LSE renames Towers after suffrage campaigners

LSE is connected with the suffrage movement in many ways: with our history, location, extensive material of our library and wide-ranging research
- Professor Julia Black
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LSESU Women in Politics Society join special guests for the renaming. Nigel Stead

LSE has officially renamed three of its key campus buildings after central figures in the British suffrage movement.

The buildings on Clement’s Inn are now Pankhurst House, Fawcett House and Pethick-Lawrence House after the suffrage campaigners Emmeline Pankhurst, Millicent Garrett Fawcett and Emmeline Pethick-Lawrence, who all have connections to the area.

Formerly known as ‘The Towers’, the three buildings are on the same site as the London headquarters of the Women Social and Political Union, founded by Emmeline Pankhurst and supported by Emmeline Pethick-Lawrence. The current LSE campus was also host to the suffragette meeting place the Tea Cup Inn; the St Clement Press, which published Votes for Women, and the London Opera House, where larger suffrage campaign meetings were held.

Around the corner, the Women’s Library at LSE holds the foremost suffrage collection in the UK, hosting the papers of campaigner Millicent Garrett Fawcett and the Fawcett Society, alongside a range of documents, pamphlets and objects relating to the historical struggle.

The newly-titled buildings were unveiled in a ceremony by HRH The Countess of Wessex on Friday 23 November. The event also featured contributions from author, activist and former LSE student, Caroline Criado Perez, alongside former LSE visiting professor and great-granddaughter of Emmeline Pankhurst, Dr Helen Pankhurst. The change of name is part of the wider activities of LSE to mark 100 years since the extension of suffrage in Britain, when the first women won the right to vote in parliamentary elections.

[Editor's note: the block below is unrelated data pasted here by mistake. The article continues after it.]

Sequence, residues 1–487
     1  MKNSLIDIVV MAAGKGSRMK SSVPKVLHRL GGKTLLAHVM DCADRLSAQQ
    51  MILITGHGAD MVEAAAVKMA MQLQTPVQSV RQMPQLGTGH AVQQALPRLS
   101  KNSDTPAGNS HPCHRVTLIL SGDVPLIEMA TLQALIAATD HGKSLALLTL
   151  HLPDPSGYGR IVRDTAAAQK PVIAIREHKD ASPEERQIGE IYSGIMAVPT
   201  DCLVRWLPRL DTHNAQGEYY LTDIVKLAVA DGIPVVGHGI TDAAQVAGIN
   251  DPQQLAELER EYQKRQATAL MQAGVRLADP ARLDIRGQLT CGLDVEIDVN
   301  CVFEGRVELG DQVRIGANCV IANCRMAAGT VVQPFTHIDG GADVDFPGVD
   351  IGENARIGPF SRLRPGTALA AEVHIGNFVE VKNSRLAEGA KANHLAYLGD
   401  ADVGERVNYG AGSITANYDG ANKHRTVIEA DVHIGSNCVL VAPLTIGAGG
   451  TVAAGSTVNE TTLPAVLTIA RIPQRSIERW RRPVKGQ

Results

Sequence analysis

In advance of the renaming event, LSE Pro-Director for Research Professor Julia Black commented, “LSE is closely connected with the suffrage movement in many ways: with our history, our location, the extensive material of our library and our wide-ranging research into inequality. We are delighted to be able to strengthen this connection further, while celebrating a landmark moment in gender equality and political history.”

Coinciding with the renaming, the School is currently hosting the ’Make a Stand’ exhibition in its Atrium gallery, courtesy of the Mayor of London, featuring life-sized images of 59 women and men who fought for female suffrage.

Behind the article

More information about Emmeline Pankhurst, Millicent Garret Fawcett and Emmeline Pethick-Lawrence, and the links between LSE and the wider campaign for women’s suffrage, is available at

LSE Library's events programme draws on the rich material in The Women’s Library collection to commemorate the campaigns for women's suffrage and the innovative methods used to get the vote.  Follow the conversation at #LSESuffrage18